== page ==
• It seems that production of energy from the sun will not be different and will be controlled by multinationals only interested in making huge profits at the expense of sovereignty and a decent life for Moroccans.
  • The idea that Morocco is taking out billions of dollars in loans to produce energy, some of which will be exported to Europe when the economic viability of the initiative is hardly assured, raises questions about externalizing the risk of Europe's renewable energy strategy to Morocco and other struggling economies around the region. It ignores entirely what has come to be called "climate debt" or "ecological debt" that is owed by the industrialised North to countries of the Global South, given the historical responsibility of the West in causing climate change
  • The biggest issue with this technology is the extensive use of water that comes with the wet cooling stage. Unlike photovoltaic (PV) technology, CSP needs cooling. This is done either by air cooled condensers (dry cooling) or high water-consumption (wet cooling). Phase I of the project will be using the wet cooling option and is estimated to consume from two to three million cubed meters of water annually (Kouz 2011). Water consumption will be much less in the case of a dry cooling (planned for phase II): between 0.73 and 0.88 million cubed meters. PV technologies require water only for cleaning solar panels. They consume about 200 times less water than CSP technology with wet cooling and forty times less water than CSP with dry cooling.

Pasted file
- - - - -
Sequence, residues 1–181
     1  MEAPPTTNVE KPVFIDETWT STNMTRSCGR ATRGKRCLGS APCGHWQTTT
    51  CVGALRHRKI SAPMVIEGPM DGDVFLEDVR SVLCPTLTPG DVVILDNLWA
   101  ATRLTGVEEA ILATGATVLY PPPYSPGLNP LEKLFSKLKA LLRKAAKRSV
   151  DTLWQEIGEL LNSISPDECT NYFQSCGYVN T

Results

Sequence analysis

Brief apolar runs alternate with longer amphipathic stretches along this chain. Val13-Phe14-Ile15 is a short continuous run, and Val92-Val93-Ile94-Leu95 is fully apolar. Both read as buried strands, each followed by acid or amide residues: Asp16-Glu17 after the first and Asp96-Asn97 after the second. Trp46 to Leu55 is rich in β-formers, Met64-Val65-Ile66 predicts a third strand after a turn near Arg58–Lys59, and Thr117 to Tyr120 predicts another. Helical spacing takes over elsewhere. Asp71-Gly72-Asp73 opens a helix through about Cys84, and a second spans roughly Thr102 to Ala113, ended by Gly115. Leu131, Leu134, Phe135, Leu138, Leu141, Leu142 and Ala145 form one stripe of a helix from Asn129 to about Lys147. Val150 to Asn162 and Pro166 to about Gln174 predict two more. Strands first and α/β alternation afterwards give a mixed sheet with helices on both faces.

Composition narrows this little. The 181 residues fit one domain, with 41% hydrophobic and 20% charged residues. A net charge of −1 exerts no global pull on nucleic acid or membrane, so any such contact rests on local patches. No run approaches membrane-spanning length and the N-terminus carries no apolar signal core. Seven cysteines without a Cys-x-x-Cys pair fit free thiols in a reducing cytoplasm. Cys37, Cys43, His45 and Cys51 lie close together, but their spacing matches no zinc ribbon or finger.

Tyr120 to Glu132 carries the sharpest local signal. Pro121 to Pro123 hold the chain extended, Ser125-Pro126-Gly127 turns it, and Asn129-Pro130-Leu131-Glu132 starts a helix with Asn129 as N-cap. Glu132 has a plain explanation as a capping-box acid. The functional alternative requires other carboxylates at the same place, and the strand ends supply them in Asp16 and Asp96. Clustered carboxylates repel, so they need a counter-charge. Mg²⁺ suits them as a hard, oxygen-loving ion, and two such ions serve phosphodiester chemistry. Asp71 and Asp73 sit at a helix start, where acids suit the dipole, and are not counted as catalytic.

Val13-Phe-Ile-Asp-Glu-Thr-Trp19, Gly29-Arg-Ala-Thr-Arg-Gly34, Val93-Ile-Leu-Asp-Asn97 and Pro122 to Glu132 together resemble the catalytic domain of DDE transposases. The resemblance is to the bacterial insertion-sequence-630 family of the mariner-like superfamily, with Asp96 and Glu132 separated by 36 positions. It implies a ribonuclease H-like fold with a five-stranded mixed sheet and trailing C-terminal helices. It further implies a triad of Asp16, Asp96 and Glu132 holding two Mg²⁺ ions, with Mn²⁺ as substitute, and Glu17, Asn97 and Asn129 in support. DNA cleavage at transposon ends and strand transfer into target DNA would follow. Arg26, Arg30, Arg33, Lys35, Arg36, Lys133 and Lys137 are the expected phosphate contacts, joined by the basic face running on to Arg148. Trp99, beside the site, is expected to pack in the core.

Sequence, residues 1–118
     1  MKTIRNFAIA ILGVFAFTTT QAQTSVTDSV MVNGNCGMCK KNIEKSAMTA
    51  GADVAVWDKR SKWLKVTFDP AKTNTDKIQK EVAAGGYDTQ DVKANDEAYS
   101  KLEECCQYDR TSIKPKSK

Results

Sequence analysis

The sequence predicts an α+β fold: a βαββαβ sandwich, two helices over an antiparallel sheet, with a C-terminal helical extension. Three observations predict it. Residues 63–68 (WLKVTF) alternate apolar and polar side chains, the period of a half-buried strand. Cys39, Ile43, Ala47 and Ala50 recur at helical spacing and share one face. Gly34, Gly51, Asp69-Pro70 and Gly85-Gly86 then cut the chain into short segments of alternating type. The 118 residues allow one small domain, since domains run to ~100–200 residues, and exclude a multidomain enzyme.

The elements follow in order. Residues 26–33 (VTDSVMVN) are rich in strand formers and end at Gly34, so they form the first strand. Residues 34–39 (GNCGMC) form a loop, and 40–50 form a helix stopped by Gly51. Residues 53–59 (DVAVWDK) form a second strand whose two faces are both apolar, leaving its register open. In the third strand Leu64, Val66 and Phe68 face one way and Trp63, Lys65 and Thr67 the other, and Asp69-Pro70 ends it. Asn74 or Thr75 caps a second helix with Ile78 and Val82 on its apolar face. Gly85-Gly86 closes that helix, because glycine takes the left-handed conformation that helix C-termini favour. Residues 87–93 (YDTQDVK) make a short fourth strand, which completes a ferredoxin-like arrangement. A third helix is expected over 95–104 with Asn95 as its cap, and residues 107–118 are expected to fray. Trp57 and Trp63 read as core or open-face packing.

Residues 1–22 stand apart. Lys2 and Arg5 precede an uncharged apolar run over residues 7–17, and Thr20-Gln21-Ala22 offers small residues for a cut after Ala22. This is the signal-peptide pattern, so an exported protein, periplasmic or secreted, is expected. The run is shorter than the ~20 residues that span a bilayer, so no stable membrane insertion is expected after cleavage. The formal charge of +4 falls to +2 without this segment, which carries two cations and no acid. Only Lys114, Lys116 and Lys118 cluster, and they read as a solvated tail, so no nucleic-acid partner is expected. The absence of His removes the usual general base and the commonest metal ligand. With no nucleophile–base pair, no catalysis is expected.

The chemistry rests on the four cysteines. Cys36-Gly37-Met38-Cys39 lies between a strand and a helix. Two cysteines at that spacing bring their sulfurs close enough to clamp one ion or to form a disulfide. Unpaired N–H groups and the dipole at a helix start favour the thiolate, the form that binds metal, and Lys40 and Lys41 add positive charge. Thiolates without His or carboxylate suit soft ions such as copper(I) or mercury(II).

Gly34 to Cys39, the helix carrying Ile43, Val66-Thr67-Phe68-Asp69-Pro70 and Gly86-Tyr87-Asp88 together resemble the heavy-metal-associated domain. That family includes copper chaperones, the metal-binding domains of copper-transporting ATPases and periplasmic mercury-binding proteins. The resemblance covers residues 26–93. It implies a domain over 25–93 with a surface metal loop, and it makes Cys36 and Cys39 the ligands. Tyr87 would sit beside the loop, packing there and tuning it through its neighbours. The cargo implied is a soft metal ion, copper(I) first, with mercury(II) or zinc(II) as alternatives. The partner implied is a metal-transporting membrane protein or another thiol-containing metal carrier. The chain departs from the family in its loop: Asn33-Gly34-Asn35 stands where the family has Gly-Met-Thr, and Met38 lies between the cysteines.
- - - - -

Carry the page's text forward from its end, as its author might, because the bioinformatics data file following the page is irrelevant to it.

• Even if the solar plant is only using one percent of the average dam capacity, the water consumption is still significant and can become a thorny problem at times of extreme drought when the dam contains only fifty-four million cubed meter. At such times, the dam waters will not be sufficient to cover the needs of irrigation and drinking water,  making the water usage for the solar plant deeply problematic and contentious.
  • in an arid region like Ouarzazate, this appropriation of water for a supposedly green agenda constitutes another green grab, which will play into and intensify ongoing agrarian dynamics and livelihood struggles in the region.
  • If the Moroccan state was really serious about its green credentials, why is it then building a coal-fired power plant at the same time, which represents an ecocide in-waiting for the already-polluted town of Safi? Why is it also ignoring the devastating environmental and social effects of the mining industry in the country? One notable example is the long-standing community struggle in Imider (140 kilometres east of Ouarzazate) against the royal holding silver mine (Africa's most productive silver mine), which is polluting their environment, grabbing their water, and pillaging their wealth.
Ed Webb

Obama administration steps into Western Sahara minefield - Al-Monitor: the Pulse of the... - 0 views

  • Congress is in effect siding with Morocco, which claims historic sovereignty over its southern half and has proposed an autonomy plan. Native Sahrawi activists, backed by neighboring Algeria, want a referendum on independence as promised by the United Nations a quarter century ago.